Is it Senseless to Dream and Plan?

To dream the impossible dream . . . or is it? A journey with Dementia

My Dad, who had visited oStand Up To Your Obstacles Pealever 200 countries, often said he regretted that he and my Mom never fulfilled their plans to tour the United States.  My husband, Roy, and I have shared that same dream for many years.  Although we have traveled to many states for various functions, we have never truly “seen” the states. Knowing that at some point my dementia will prohibit such a trip, we set a date and started to plan. 2018 for a four to five week trip exploring our wonderful country. AWESOME!

As we shared our dream with others, the reactions were mostly targeted on why I could NOT take this trip. People were quick to point out my confusion and lack of focus, as well as the expense. Some openly expected me to fail and expressed it as an unrealistic waste of time to try. My excitement started to wane, being replaced with a feeling of loss for a trip I would never take.

Dreams are the foundation of hopes and ideas. They are often the beginning of the challenges weundertake, and the stimulus for our accomplishments.  They are the drive that empowers us to keep moving forward. We dream of getting a new job or a new house, raising a family, being successful, and overcoming obstacles. “Hope is a waking dream” (quote by Aristotle).   Therefore, as you destroy my dream, you also destroy my hope.

“Is it unrealistic to dream and make plans, even though the odds may be against it?”

As I contemplated this, I became inspired by some of the well-known “greats” of the world who accomplished their dreams in spite of their disabilities. Helen Keller, though deaf and blind gained a bachelor’s degree, campaigned on, disability and women’s rights and became a well-respected speaker. Beethoven composed some of the most sublime pieces of music after he was deaf. Bethany Hamilton after loosing her arm in a vicious shark attack, got back on her surfboard and (in addition to many other championships) went on to win First place in the NSSA National Surfing Champion. There are thousands of people who reached for a dream in spite of the odds. Some made it and some did not, but they all battled tremendous obstacles to follow their dream.

When people try to protect me by saying and expecting that I am unable to do something, in essence they are crushing a piece of my spirit. Yes, I have many limitations. As so many others have, we are learning to deal with them. We are learning to make adjustments, working around challenges and obstacles, while still maintaining the ability to love and laugh. Michael Jordon said; “If you accept the expectations of others, especially negative ones, then you never change the outcome.”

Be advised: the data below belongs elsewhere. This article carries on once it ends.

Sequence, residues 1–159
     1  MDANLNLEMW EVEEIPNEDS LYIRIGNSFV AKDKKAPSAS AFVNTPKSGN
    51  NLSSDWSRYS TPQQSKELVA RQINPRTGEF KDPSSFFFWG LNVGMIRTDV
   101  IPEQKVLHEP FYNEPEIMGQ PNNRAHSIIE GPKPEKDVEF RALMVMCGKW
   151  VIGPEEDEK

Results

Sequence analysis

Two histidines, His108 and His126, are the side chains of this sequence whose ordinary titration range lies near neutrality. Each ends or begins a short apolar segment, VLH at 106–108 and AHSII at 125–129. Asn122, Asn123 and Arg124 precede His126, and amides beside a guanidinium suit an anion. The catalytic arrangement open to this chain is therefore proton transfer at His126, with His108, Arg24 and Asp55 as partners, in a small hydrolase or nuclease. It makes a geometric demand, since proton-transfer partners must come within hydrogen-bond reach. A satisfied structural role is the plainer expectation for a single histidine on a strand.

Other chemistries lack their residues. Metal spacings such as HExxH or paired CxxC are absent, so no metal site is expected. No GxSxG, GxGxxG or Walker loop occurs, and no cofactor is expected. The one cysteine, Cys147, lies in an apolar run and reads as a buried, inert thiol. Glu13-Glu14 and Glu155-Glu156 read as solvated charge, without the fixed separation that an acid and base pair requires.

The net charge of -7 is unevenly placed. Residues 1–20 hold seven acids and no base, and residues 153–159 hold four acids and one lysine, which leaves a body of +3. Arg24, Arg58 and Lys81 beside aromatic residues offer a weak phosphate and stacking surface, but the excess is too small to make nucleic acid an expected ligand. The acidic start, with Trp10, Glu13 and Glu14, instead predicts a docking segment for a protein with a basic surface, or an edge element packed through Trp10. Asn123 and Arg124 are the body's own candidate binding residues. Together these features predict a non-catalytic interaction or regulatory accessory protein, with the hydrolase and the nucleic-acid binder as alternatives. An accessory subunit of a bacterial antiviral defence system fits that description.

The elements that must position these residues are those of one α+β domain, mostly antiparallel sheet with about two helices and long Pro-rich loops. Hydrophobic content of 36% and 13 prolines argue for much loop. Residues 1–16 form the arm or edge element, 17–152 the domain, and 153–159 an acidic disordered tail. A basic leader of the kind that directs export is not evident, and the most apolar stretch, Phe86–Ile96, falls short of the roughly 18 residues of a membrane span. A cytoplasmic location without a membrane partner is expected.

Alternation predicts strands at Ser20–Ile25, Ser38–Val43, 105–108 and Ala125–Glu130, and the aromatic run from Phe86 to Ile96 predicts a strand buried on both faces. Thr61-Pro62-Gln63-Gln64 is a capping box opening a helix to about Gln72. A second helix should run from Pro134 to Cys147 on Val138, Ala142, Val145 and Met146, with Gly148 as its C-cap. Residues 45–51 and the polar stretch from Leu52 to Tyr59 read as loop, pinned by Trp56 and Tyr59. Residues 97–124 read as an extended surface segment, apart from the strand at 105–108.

Maybe I am setting my expectations too high, or maybe I just need to figure out how to overcome the obstacles. If you take away my hopes and my dreams, I am left with an empty life of watching my degenerative brain impairment slowly make changes to my life. No, I won’t let otheObstacles Don't Have To Stop You Michale Jordanrs squash my dreams! Instead, I will reach for the unreachable star and follow my dreams “no matter how hopeless, no matter how far” (Don Quixote).

Now having made that decision, I need to get started on some plans. Stay tuned for future posts on planning for 2018! Sure, there is a possibility that it may not happen, but think of all the fun we will have planning and dreaming!

Love & Laughter,  Laurie

Written By Laurie Scherrer June 2015

Here’s my Inspiration:  Gomer Pyle “To Dream The Impossibe Dream”

© Copyright June 2015 Laurie Scherrer

13 thoughts on “Is it Senseless to Dream and Plan?

  1. Mike Good

    I love it – you’re article got me excited for you! I look forward to hearing how your plans lay out and I hope to hear about some of your near-term dreams and accomplishments as well. If I’m still in California in 2018 and it’s on your list, maybe our paths will cross : )

    Liked by 1 person

  2. Paulan Gordon

    I am so happy that you are doing this. You know I love to travel. Also, I think everyone needs a dementia break. You and Roy will be fine. I always take a journal with me when I travel. I try to make very specific entries so that later I can remember how much fun I had. Looking forward to hearing more about your travel plans.

    Liked by 1 person

  3. Dwight

    So proud of you and Roy. I thank God for giving Roy to you. He has been a rock and an encouragement and challenge to others as you have been.

    Liked by 1 person

  4. Eileen

    My husband who has had alz for 4 yrs and I were coming home from doing errands and were just talking about this. We are planning a week at a beach house with our children and grandchildren this summer. But we also want to take s trip by ourselves before this disease takes over our lives.
    I say go for it. You have nothing to lose and so much to gain. We have always come home after our trips much closer than when we left.
    Bless you and your care partner enjoy the time you have getting closer.

    Liked by 1 person

  5. Mary A.

    What are your thoughts on music & media therapy for senior with Dementia. I’ve had some great success with music with my mother for the last few months and wanted to make sure other knew how much things can improve.

    I used this site to download some media sessions:

    Liked by 1 person

    1. Laurie Scherrer Post author

      Mary A., Thank you for reading my blog and for your comment. YES! Music and art therapy have proven to be calming and uplifting for people living with dementia. I know many people who have developed a hidden talent for music or art after their diagnosis. Sounds like you are thinking outside the box with your Mom. There are many options rather than drugs.



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